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Jan 13, 2005

Comments

jbr

Great and thoughtful post. As a denizen of corporate America and a person who is pushing very hard to instill the use of blogs in a corporation, I have a viewpoint to this.

1)Without a doubt, the use of blogs could absolutely benefit a corporation, both internally and externally. Internally, blogs could replace and enhance the use of email as a tool for mass communications. Externally, it could open communications avenues that are currently closed between a corporation and the public they serve.

2)Other than the handful of companies that are currently using blogs, there is a fear of using blogs. I can only attribute this to the fear of the unknown/new. My impression is that blogs are too open, candid, raw, etc and corporations are not ready for that level of honesty.

3) Only companies willing to be on the cutting edge of something will adopt blogs relatively soon. Why? I suppose with anything new, it's a matter of seeing value in something regardless of risk. If the value outweighs the risk, then a company will act.

4) It appears that those companies with a CEO/key decision maker who believes in blog value are the companies adopting a blog culture. Believe me, pushing a corporate blog implementation from the grass roots level is not trivial. Having it pushed from above solves many issues.

So, Evelyn while at your conference, you may want to validate my opinions. Mine are based upon 6 months of attempting a corp blog implmenetation. I have been successful and will launch this quarter, but for all of the reasons above, it's gone quite slowly.

Fortunately, the blogdom's openess has helped me during all of this and that is an ace in the hole for those attempting a corporate blog. If anyone wants more info, I am around.

hugh macleod

I agree with JBR, mostly.

I wonder if we're getting to the point, when listening to the corporatations' reservations about blogs and whatnot, our reply soon will just be, "Too bad".

"I'm sorry if your calcified little fear culture doesn't like blogs. Dinosaurs didn't like meteors, either."

Seems like a lot of people are waiting around for the corporations to "get it". Does it matter if they get it or not? Does it matter if they go out of business? No. Whatever commodity they make, some other faceless giant will happily step in to fill the void.

Hmmm... I may have to blog this ;-)

david parmet

"I'm sorry if your calcified little fear culture doesn't like blogs. Dinosaurs didn't like meteors, either."

Hugh- that's it in a nutshell. I'm going to carve that into the wall behind my desk if you don't mind....

Josh Kaufman

Nice insights, ma'am.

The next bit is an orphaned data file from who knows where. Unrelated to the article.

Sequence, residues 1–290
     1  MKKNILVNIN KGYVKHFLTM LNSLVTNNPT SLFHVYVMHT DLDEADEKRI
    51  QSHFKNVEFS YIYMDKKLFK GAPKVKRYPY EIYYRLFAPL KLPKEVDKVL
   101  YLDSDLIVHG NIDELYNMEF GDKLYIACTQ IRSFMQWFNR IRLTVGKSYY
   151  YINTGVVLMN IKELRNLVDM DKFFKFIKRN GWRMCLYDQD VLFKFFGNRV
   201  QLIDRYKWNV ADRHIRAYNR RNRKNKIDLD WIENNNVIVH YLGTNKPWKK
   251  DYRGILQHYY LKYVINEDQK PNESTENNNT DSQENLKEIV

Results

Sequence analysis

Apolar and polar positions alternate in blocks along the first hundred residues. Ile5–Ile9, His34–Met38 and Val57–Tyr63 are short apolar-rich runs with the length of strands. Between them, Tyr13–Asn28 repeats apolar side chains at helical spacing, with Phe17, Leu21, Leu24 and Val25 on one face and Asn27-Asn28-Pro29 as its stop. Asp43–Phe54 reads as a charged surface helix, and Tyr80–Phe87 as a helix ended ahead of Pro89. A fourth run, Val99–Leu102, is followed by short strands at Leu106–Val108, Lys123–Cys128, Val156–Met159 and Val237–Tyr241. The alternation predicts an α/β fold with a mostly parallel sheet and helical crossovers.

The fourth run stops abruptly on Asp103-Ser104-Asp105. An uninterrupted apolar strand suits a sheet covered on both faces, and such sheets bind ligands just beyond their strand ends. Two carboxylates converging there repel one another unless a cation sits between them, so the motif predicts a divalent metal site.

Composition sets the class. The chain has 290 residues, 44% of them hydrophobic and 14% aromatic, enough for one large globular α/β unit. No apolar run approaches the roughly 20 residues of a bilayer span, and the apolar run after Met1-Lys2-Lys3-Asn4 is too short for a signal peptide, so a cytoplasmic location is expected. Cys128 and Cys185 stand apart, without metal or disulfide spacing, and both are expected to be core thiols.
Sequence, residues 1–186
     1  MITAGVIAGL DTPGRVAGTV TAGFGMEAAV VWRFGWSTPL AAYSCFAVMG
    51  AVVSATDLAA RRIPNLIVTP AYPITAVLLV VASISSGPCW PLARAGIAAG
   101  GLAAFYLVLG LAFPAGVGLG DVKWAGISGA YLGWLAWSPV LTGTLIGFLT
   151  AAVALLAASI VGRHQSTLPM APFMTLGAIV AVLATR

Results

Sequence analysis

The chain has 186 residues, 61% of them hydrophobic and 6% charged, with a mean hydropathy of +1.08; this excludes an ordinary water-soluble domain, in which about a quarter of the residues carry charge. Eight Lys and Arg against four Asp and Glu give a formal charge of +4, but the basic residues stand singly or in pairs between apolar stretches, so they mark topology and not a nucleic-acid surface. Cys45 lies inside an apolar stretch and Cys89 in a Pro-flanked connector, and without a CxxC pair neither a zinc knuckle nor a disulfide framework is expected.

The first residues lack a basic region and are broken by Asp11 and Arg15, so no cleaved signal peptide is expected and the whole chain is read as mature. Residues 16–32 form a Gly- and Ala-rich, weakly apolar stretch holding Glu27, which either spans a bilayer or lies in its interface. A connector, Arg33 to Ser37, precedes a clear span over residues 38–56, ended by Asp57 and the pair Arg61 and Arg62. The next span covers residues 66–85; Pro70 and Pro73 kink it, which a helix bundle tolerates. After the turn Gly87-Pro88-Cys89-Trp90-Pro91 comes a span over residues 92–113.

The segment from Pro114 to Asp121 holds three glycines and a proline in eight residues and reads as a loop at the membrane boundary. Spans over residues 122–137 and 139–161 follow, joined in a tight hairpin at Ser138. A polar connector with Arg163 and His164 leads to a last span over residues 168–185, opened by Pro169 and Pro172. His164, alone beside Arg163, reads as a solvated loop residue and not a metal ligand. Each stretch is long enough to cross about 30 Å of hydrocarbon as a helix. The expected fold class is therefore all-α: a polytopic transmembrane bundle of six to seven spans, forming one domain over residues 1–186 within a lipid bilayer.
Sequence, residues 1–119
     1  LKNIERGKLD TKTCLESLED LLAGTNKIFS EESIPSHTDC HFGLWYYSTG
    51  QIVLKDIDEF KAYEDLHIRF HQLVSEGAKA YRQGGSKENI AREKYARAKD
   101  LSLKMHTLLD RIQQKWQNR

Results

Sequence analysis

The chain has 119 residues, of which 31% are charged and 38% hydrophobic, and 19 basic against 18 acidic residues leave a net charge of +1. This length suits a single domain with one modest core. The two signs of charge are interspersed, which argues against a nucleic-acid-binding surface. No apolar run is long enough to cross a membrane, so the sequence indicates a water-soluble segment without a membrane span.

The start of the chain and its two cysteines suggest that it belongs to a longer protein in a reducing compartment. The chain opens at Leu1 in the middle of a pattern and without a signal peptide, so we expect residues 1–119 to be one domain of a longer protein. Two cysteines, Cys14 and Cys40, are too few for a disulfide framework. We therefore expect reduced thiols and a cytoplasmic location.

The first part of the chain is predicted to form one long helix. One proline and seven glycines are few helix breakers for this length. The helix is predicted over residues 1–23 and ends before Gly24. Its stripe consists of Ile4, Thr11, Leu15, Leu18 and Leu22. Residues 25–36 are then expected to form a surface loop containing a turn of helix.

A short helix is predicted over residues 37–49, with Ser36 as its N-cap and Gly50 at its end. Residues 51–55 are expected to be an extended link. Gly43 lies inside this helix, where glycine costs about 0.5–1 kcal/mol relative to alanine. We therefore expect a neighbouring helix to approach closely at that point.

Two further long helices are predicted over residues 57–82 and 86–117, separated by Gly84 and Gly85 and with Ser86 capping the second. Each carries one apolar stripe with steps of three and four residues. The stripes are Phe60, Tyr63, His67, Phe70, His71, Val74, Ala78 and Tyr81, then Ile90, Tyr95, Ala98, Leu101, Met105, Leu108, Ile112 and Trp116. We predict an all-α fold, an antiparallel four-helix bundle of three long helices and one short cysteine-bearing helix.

Markets aren't just conversations.
Markets are *people* having conversations.

It's a simple, hugely profound difference. It means we all have to learn how to speak to each other again, instead of focusing on speaking at each other.

Evelyn and Hugh - you two have a head start. Thanks for shining a light on the path.

Mindwalker

Huge wrote: "It appears that those companies with a CEO/key decision maker who believes in blog value are the companies adopting a blog culture. Believe me, pushing a corporate blog implementation from the grass roots level is not trivial. Having it pushed from above solves many issues."

BING! I truly believe that blogs can open up communication inside the workplace in ways that we're only beginning to fathom. But it's extremely difficult, if not impossible, to even BEGIN if you do not tacit support from the top.

Maybe it's just the Big Company I work for, but most people are afraid of losing their jobs. They will not do anything to rock the boat. You're asking people to give up a lot of power (mostly illusory). I truly believe in much of what Evelyn says (you have to give to get), but I've seen time and time again that 99% of the people in a corporation don't share that view. When the CEO of the company is constantly talking in pithy sloganspeak and how the almighty bottom line must be met, you can bet that any glimmer of innovation will be stifled and snuffed out before it can blossom.

I'm not being pessimistic. I'm just reporting what the situation is from a toxic workplace that could sorely use a good group blog to improve productivity and morale.

e-grunt

Guess nobody saw the retarded Captain Morgan blog. This is what happens when people who aren't part of making the core product of a company (marketing dorks, HR people, payroll processors) try to pitch in.

Corporate blogs are for retards. Nobody is going to visit them. The most you marketing dopes can hope to do is convince people to pay you money to install them.

By the way, i reached this site by searching the term "shitty corporate blog."

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